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Note 37: "Sanctuary: Part of a Bigger Picture--What People are Fleeing, and why, must be Considered," Michael J. Farrell, National Catholic Reporter , September 14, 1984. Back. Note 38: "Oakland Declared a City of Refuge," CISPES Action Bulletin , August 1986. Back. Note 39: More detailed accounts of such citizens' diplomacy can be found in: Janice Love, The U.S. Anti-Apartheid Movement--Local Activism in Global Politics (New York: Praeger, 1985); and Elizabeth S. Rogers, "The Conflicting Roles of American Ethnic and Business Interests in the U.S. Economic Sanctions Policy: The Case of South Africa," in: Skidmore and Hudson, eds., The Limits of State Autonomy , pp. 185-204. Back.

On Security

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On Security, by Ronnie D. Lipschutz

6. Hawks, Doves, but no Owls: International Economic Interdependence and Construction of the New Security Dilemma*
Beverly Crawford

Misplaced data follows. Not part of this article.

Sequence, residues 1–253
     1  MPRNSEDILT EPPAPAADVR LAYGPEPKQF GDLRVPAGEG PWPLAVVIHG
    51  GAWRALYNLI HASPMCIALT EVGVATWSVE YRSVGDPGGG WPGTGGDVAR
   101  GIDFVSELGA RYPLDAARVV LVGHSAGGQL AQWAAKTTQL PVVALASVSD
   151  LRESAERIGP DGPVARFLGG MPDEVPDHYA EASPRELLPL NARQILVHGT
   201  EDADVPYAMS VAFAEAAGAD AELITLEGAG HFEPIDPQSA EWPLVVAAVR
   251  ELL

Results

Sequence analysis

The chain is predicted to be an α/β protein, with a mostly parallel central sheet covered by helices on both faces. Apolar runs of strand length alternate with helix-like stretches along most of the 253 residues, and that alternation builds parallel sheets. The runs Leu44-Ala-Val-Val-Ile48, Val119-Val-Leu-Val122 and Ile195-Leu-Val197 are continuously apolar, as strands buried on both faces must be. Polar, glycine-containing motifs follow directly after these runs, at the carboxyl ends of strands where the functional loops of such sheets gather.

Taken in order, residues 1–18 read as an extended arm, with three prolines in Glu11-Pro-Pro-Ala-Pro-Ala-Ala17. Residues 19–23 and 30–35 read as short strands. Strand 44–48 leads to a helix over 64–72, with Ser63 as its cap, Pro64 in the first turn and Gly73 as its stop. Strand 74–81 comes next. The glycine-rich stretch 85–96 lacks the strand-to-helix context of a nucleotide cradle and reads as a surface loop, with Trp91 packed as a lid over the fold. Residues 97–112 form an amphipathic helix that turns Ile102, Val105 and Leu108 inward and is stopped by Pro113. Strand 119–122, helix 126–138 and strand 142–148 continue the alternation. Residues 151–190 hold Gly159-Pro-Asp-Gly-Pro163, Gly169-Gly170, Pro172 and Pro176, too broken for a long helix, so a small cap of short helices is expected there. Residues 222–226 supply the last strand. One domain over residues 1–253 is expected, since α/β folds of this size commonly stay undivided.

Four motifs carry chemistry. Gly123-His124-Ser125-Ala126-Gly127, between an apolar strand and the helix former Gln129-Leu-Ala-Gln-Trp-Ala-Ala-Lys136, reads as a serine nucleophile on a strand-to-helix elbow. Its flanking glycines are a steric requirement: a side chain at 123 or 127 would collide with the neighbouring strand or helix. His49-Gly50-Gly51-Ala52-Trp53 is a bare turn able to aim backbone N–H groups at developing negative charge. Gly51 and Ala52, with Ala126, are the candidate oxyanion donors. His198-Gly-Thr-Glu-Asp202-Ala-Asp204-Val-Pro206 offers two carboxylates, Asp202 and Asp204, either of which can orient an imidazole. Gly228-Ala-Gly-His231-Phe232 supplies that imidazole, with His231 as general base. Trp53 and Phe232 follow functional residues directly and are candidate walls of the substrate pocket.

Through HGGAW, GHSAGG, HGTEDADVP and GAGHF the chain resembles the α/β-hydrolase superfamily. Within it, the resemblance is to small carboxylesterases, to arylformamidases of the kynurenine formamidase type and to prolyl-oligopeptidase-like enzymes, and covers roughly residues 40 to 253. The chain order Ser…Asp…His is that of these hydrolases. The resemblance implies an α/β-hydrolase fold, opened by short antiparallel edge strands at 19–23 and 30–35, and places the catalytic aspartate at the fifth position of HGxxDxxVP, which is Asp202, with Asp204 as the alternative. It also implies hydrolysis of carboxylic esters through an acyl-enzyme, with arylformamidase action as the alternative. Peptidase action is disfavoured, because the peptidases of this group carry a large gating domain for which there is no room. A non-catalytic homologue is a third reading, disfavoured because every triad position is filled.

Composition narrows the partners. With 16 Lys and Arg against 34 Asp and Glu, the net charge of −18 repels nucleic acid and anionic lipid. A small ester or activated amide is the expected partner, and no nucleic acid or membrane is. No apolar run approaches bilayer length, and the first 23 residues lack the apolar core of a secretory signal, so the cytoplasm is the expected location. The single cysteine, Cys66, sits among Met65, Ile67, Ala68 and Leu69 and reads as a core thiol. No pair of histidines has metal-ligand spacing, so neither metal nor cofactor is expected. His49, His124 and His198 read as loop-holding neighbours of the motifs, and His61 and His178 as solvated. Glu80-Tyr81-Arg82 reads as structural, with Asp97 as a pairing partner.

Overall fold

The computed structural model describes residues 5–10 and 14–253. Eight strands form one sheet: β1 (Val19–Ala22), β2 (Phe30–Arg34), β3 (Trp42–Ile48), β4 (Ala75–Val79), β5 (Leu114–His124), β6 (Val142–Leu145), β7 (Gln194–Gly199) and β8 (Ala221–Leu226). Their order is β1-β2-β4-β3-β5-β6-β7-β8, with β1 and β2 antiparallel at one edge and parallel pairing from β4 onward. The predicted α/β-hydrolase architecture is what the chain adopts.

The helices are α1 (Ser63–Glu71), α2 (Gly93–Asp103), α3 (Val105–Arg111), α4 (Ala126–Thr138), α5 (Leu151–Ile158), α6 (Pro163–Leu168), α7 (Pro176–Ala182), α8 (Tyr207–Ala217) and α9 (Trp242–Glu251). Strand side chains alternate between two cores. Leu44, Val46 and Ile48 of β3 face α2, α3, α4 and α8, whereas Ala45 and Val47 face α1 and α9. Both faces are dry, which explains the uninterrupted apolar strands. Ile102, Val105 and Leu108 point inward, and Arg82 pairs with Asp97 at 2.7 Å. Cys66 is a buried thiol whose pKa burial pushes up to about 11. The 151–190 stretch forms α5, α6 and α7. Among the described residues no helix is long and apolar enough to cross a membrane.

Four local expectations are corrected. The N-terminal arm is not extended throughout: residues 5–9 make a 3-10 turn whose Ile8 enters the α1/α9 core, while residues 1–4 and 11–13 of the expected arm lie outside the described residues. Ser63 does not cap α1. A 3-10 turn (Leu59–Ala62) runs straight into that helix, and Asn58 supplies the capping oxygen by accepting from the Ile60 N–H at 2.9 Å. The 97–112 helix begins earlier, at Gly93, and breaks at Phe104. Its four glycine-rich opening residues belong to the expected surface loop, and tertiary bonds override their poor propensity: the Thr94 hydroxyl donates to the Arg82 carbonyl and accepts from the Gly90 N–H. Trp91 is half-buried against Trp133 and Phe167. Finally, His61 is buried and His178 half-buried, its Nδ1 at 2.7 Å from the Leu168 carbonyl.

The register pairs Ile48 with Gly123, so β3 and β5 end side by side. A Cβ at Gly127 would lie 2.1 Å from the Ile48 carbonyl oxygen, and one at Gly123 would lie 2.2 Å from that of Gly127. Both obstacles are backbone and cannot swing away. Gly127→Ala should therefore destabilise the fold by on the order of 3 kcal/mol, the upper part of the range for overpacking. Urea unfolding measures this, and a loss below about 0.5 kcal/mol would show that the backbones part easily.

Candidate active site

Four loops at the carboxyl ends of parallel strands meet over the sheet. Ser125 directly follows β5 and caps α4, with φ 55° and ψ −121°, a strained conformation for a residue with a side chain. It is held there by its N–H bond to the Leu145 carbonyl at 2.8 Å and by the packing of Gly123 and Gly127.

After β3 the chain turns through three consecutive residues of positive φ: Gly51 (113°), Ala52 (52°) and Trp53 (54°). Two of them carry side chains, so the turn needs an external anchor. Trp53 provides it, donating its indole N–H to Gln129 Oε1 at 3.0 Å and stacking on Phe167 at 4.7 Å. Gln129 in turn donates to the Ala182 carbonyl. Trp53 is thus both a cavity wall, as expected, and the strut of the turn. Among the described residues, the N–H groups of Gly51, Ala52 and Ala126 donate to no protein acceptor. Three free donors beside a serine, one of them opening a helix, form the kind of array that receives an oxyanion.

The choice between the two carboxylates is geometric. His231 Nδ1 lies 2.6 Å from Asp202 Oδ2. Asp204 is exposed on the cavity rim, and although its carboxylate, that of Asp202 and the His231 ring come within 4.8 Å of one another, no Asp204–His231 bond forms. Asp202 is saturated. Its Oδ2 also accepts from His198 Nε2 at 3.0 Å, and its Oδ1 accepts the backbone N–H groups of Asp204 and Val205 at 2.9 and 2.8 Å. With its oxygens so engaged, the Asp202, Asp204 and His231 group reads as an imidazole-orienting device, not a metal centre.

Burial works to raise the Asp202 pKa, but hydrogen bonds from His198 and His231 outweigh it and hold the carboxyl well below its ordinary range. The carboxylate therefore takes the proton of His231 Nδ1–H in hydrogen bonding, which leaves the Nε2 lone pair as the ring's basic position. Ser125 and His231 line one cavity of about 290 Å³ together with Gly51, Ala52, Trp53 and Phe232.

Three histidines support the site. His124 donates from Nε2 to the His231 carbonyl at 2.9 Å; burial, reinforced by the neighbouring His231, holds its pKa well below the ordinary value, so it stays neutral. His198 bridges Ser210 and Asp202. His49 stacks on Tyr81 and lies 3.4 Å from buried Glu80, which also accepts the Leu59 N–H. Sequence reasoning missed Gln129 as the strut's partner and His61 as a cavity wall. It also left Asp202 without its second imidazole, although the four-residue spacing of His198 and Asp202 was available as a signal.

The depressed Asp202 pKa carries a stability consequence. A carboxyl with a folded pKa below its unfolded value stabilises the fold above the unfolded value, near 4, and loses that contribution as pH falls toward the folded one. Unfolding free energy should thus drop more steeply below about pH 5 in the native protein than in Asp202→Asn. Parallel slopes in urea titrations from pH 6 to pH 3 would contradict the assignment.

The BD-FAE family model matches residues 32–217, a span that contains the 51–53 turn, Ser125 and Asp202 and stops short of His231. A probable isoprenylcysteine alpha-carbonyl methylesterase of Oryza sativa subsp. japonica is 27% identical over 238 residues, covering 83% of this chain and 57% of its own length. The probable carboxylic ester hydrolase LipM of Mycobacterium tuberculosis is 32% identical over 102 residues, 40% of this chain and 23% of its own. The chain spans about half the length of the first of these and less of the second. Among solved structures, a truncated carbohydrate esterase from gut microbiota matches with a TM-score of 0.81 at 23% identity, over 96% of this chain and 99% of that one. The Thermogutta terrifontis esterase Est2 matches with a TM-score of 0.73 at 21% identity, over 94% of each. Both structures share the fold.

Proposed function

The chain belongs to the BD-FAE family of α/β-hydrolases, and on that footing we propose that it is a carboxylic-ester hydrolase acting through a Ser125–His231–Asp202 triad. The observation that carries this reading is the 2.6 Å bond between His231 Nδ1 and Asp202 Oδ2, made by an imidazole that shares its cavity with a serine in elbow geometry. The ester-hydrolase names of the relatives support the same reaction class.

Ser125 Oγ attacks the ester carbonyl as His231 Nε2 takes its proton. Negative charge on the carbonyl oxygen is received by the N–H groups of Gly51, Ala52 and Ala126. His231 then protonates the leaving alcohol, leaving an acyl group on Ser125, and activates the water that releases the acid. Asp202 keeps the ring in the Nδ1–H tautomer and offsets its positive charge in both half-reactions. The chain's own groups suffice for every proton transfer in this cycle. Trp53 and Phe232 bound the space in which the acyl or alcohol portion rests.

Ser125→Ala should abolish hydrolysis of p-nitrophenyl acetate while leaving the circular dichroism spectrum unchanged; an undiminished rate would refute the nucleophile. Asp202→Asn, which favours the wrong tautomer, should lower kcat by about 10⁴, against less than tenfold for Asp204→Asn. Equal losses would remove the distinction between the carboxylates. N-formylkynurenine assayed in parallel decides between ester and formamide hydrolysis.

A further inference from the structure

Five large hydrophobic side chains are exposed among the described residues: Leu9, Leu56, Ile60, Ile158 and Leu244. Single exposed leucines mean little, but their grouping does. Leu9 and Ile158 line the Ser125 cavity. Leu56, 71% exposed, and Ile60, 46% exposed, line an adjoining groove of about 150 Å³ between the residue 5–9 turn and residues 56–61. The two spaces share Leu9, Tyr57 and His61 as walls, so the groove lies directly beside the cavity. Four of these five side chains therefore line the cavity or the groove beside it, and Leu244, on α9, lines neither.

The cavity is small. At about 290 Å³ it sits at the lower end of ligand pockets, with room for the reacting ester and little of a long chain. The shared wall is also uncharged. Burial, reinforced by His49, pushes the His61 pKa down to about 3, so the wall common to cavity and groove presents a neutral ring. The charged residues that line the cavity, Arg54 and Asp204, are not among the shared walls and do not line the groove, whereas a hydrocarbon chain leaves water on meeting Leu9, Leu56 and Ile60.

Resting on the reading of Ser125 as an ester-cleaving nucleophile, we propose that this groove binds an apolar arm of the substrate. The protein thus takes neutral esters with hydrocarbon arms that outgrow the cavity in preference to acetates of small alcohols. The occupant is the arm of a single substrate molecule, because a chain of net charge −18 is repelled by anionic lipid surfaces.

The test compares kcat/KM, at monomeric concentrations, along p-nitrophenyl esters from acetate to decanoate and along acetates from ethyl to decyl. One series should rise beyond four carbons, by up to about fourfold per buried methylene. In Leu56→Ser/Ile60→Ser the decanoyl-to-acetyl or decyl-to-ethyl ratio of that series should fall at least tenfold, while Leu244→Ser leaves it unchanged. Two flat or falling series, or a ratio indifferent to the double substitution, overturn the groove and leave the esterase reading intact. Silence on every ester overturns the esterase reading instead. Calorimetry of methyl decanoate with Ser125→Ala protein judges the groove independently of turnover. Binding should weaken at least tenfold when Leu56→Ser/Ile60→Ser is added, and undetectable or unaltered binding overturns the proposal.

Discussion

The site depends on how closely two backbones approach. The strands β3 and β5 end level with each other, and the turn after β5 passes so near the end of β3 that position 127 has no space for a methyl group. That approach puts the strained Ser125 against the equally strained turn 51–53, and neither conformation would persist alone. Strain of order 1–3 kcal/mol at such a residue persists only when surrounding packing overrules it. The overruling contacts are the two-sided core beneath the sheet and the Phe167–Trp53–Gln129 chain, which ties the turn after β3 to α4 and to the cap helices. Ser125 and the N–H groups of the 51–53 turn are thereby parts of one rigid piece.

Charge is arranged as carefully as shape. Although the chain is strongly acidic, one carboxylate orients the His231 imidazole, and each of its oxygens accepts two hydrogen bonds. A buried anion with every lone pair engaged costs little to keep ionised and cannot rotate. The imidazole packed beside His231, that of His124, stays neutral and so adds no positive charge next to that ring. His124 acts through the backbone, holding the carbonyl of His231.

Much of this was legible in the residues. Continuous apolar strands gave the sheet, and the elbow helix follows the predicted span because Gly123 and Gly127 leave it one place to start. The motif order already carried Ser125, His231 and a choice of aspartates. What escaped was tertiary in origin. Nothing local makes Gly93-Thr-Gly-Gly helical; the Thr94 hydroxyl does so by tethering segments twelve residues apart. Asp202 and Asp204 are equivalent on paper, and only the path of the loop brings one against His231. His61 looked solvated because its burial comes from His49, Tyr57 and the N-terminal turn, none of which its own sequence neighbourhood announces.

During much of the Cold War, national security was defined primarily in terms of military threats to state, society, and industry. To this last category we can add concerns about oil and other raw materials, whose reliability of supply could never be assured with confidence through global markets. Those concerns have, for the most part, now disappeared, to be replaced by language focused on economic "competitiveness" (a modern variant of old Social Darwinist arguments) and threats to the nation-state by other countries. There are two perspectives embedded in discussions of this new "security dilemma." The first postulates declining national welfare if competitiveness is lost; the second, a threat to the American ability to prosecute major wars against unnamed adversaries. Advocates of the first perspective propose major government intervention into and control of research and development. Inasmuch as this remains ideological anathema in the United States, the second offers a more acceptable rationale for such intervention, invoking military security arguments that do not differ very much from those sometimes put forth during the Cold War. I examine here the impact of international economic interdependence on recent debates over the redefinition and reconstruction of "national security." I explore how the forces of interdependence influence those debates by reducing military threats in the view of some analysts (whom I call economic "doves") and increasing military vulnerabilities in the view of others (whom I call economic "hawks"). The arguments by both sides can be simply stated: Interdependence reduces threats because it weakens incentives for military conquest.1 But at the same time, interdependence increases vulnerabilities, and threatens to weaken the state, because potential military resources--especially high-technology ones--are increasingly found in global commercial markets over which states have little control.2 Policy responses are, in some countries, at least, focused on reducing vulnerabilities and strengthening the state through strategies of market control, indicating that "hawks" have come to dominate the discourse of economic security. In examining these debates and policy strategies, this essay is both an exploration of the interaction between material and cognitive factors that shape the political elite's new definitions of security and an assessment of their policy responses. I begin by constructing the arguments made by both "doves" and the "hawks" about the connections between international economic interdependence and national security. I then examine in a preliminary way how economic interdependence between the United States and the Soviet Union during the Cold War--a relationship characterized in U.S. policy debates as having important security implications--affected perceptions of state power and security of the principal actors. In the final section I briefly examine the changing security implications of international interdependence in the post-Cold War